By: Elizabeth Iwunwa

Last week, classes began for me as well as most of the UPEI student population. I had signed up for a course with an identity crisis and was trying to find the building where it had been scheduled to hold.

As I stood before the map of our school situated in front of the SU building, I spied with my little eye a sight that prompted this piece. A gentleman held the door open for a lady. Upon further inquiry into this matter, I discovered that the fellow in question was the romantic partner of a dear friend. This greatly gladdened my heart, as it appeared that she was in great hands. It reminded me a little of a man I met during my travels this summer. With my heels in hand, I walked barefoot to retrieve my walkabout shoes from a vehicle until it dawned on me that I had lost my way. With a little smile across his face, he jogged past me. Upon realizing what had just taken place, I found the nearest bench and slipped on my shoes. The sweet stranger made his way back, and to cut the not so long story short, he offered me his shoes. A complete stranger offered me his shoes when he saw that my feet were sore. That was the sweetest little moment I could never forget.

I imagine that a hundred years ago, a man holding the door open for a woman would not be such an astonishing sight. Men were expected and encouraged to give women honor by little gestures including pulling out seats, holding doors open, and much more. It is a new world and some things have vanished from the social sphere of things. It is also a feminist world, at least on the surface. Note here that I do not attach negative connotations to the word “feminist”, neither am I oblivious of some misogynistic cultures that exist in various parts of the world. In the context of this conversation, North America is largely feminist in that it has made advances in women’s rights and visibility in the workplace. Heck, the U.S is on the verge of electing its first female president a few months from now.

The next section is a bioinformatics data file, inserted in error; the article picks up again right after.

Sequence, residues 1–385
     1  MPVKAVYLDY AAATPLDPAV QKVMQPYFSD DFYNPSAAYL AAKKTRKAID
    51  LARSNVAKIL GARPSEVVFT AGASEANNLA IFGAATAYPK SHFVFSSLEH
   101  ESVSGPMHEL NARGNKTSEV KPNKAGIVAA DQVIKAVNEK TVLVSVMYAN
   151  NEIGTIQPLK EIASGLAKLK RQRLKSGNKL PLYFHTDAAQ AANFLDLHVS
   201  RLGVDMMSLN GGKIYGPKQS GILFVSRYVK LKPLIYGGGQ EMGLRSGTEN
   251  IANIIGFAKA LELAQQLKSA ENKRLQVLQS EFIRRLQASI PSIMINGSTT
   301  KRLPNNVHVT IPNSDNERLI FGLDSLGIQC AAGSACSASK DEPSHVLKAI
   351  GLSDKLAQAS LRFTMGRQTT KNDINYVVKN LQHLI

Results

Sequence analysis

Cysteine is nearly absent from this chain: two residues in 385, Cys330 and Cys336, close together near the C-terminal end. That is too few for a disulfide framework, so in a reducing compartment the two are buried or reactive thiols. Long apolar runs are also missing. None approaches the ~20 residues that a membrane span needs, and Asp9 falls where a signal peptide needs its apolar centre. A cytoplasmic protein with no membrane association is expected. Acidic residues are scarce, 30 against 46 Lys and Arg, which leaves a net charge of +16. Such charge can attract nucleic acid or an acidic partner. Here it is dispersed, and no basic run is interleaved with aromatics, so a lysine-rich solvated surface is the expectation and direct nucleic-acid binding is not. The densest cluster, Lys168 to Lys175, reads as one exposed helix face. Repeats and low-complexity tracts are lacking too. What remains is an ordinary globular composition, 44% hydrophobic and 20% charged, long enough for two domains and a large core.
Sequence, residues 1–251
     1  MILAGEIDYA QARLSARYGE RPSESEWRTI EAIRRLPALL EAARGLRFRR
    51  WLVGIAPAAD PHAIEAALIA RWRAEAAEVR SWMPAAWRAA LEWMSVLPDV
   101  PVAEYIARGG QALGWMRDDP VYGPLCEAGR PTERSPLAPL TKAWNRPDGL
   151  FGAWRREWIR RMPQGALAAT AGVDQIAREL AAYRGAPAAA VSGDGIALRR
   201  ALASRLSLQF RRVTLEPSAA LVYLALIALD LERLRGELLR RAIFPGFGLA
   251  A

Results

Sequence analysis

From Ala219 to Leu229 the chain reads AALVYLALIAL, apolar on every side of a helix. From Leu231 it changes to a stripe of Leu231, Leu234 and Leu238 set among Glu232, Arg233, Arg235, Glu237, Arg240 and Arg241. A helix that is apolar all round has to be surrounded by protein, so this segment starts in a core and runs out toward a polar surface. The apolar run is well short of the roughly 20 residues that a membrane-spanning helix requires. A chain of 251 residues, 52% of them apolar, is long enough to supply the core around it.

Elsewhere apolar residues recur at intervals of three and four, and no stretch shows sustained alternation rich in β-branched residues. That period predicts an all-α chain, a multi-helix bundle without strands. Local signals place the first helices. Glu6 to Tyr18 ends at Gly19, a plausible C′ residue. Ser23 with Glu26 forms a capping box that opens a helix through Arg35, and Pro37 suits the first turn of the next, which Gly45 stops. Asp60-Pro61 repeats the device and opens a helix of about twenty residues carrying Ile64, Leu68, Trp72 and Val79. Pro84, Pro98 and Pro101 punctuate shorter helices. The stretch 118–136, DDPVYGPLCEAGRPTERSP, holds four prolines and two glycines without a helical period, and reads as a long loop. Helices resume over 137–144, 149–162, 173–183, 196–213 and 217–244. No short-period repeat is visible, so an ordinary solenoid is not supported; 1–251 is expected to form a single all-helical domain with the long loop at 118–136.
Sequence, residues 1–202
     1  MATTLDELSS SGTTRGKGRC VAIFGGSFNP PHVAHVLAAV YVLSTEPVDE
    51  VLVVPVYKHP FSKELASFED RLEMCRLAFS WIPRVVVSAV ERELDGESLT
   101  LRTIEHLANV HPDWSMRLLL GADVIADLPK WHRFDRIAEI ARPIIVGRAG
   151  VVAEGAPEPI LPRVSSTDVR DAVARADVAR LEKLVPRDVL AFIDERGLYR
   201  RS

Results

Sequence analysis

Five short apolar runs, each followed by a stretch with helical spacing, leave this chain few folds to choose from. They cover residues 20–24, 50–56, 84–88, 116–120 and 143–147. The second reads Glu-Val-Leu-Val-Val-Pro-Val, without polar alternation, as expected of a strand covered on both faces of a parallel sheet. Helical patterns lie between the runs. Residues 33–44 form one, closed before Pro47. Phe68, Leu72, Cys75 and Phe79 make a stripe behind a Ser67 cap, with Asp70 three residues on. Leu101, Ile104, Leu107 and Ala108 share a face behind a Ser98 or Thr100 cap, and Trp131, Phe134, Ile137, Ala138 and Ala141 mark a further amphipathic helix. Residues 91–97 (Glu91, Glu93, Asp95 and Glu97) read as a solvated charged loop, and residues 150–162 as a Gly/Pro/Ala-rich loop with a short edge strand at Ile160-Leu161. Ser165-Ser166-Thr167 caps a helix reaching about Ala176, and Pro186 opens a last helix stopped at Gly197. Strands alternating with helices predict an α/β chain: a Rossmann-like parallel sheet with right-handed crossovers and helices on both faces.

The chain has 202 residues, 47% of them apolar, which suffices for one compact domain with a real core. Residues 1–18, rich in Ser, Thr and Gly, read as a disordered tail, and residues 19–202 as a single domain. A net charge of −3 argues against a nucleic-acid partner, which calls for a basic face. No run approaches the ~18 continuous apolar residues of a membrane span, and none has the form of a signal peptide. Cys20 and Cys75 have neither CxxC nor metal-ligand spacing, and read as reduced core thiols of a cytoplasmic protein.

So chivalry, what is this thing? Is it still relevant in our age? Will/does practicing chivalry equate to regarding women as incapable? When on a date, who foots the bill? If faced with a heavy load, does a gentleman offer kindness and run the risk of being called a sexist pig? (I have heard such tales I tell you). If in a physical confrontation and a lady hits a gentleman, is it okay if he hits her in retaliation? Do the answers to these questions depend on context, or is there/should there be an overarching principle?

While some have blamed women for the death of chivalry, others have blamed feminism, third wave to be exact. A comment I once read said, “women wish to combine 21st century rights with 19th century privileges”. Yet another said, “chivalry isn’t dead, it just followed wherever being lady-like went”.

My personal opinions have probably slipped into this piece and I make no apologies for them. The point of writing this is to throw open the doors for dialogue about living in our times. While researching this topic, I came across the term “benevolent sexism”. To me, it is almost as though the menfolk are trapped between the devil and the deep blue sea. They are deemed sexist if they offer help and tagged douches if they don’t. Can’t chivalry and equality coexist? Are these questions and experiences fickle? Are we forgetting the actual issues feminism tackles? Have we forgotten that due to this movement, women can vote and be voted for? Isn’t this all a bitter irony?

I realize that I may have made generalizations in the production of this article and hope that at least you can see through them and provide honest responses. I await them at cadreeditor@gmail.com.